Perhaps the most prominent voice in this discussion is the more than one-million-member International Brotherhood of Teamsters, which approved a resolution at its convention in June committing the union to “supply all resources necessary” to organize workers at the company and help them win a union contract.
The Teamsters argue that holding union votes at individual work sites is typically futile at a company like Amazon, because labor law allows employers to wage aggressive anti-union campaigns, and because high turnover means union supporters often leave the company before they have a chance to vote.
Instead, the Teamsters favor a combination of tactics like strikes, protests and boycotts that pressure the company to come to the bargaining table and negotiate a contract covering wages, benefits and working conditions. While the union hasn’t laid out its tactics in detail, it recently organized walkouts involving drivers and dockworkers at a port in Southern California to protest the drivers’ treatment there.
They hope to enlist the help of workers at other companies, sympathetic consumers and even local businesses threatened by a giant like Amazon, partly to mitigate the challenges presented by high employee turnover.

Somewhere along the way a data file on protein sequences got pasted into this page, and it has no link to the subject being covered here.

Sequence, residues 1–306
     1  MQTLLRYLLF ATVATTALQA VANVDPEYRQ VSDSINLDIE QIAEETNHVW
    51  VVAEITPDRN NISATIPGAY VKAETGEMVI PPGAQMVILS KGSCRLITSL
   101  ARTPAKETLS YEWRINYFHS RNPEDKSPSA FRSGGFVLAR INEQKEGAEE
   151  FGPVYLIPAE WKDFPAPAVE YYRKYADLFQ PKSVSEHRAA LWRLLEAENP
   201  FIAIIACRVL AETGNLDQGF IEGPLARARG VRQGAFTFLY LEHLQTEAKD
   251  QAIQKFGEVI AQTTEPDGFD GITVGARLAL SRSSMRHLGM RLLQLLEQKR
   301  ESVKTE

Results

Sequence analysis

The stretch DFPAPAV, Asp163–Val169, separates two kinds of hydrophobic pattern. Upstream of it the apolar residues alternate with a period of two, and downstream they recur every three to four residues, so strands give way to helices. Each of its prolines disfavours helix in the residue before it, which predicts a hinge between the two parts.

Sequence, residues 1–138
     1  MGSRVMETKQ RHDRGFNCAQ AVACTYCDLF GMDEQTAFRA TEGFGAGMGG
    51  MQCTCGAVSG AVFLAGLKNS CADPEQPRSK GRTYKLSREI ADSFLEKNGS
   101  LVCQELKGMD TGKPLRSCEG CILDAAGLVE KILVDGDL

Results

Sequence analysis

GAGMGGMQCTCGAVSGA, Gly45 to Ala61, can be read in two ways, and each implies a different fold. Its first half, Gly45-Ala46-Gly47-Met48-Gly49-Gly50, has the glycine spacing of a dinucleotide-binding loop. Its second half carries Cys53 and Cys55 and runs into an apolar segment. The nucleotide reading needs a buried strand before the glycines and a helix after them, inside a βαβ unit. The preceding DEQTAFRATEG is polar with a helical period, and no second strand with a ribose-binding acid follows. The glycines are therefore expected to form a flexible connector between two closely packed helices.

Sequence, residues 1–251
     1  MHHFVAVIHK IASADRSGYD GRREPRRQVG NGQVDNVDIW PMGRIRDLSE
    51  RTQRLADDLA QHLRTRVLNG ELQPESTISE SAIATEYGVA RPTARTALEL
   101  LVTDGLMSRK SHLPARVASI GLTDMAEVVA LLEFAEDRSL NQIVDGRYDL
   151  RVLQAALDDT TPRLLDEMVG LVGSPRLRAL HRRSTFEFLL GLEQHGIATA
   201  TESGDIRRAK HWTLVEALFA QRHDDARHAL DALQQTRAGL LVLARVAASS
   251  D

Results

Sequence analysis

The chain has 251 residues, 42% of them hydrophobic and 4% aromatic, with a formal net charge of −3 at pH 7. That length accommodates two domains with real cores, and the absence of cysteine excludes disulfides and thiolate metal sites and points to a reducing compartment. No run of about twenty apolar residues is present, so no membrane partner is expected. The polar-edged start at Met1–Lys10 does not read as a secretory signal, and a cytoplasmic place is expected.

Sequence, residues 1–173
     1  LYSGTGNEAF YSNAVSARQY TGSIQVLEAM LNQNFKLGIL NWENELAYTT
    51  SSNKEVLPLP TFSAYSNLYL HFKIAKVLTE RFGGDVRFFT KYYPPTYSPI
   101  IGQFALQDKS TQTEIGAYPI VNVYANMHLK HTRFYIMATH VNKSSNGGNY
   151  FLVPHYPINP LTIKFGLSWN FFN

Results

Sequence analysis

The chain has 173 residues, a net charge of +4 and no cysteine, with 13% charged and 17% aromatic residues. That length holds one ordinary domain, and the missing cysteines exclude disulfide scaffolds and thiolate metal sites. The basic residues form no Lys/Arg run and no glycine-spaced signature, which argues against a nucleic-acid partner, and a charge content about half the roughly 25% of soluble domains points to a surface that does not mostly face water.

“Building our relationships within the community itself is the way to deal with that,” Randy Korgan, a Teamsters official from Southern California who is the union’s national director for Amazon, said in a recent interview. “We could have filed for an election in a number of places in the last more than a year, gotten into that process, but we realize that the election process has its shortcomings.”
The union believes that it can pull a variety of political levers to help put the company on the defensive. Mr. Korgan cited a recent vote by the City Council in Fort Wayne, Ind., denying Amazon a tax abatement after a local Teamsters official spoke out against it, and a vote by the City Council in Arvada, Colo., to reject a more than 100,000-square-foot Amazon delivery station. While the Arvada vote centered on traffic concerns, Teamsters played a role in drumming up opposition.
In California, the Teamsters have joined forces with the Los Angeles County Federation of Labor and the Warehouse Worker Resource Center, an advocacy group, to back a bill that would require certain employers to disclose the often opaque productivity quotas applied to workers, which they can be disciplined or fired for failing to meet. The legislative language makes it clear that Amazon is the main target.
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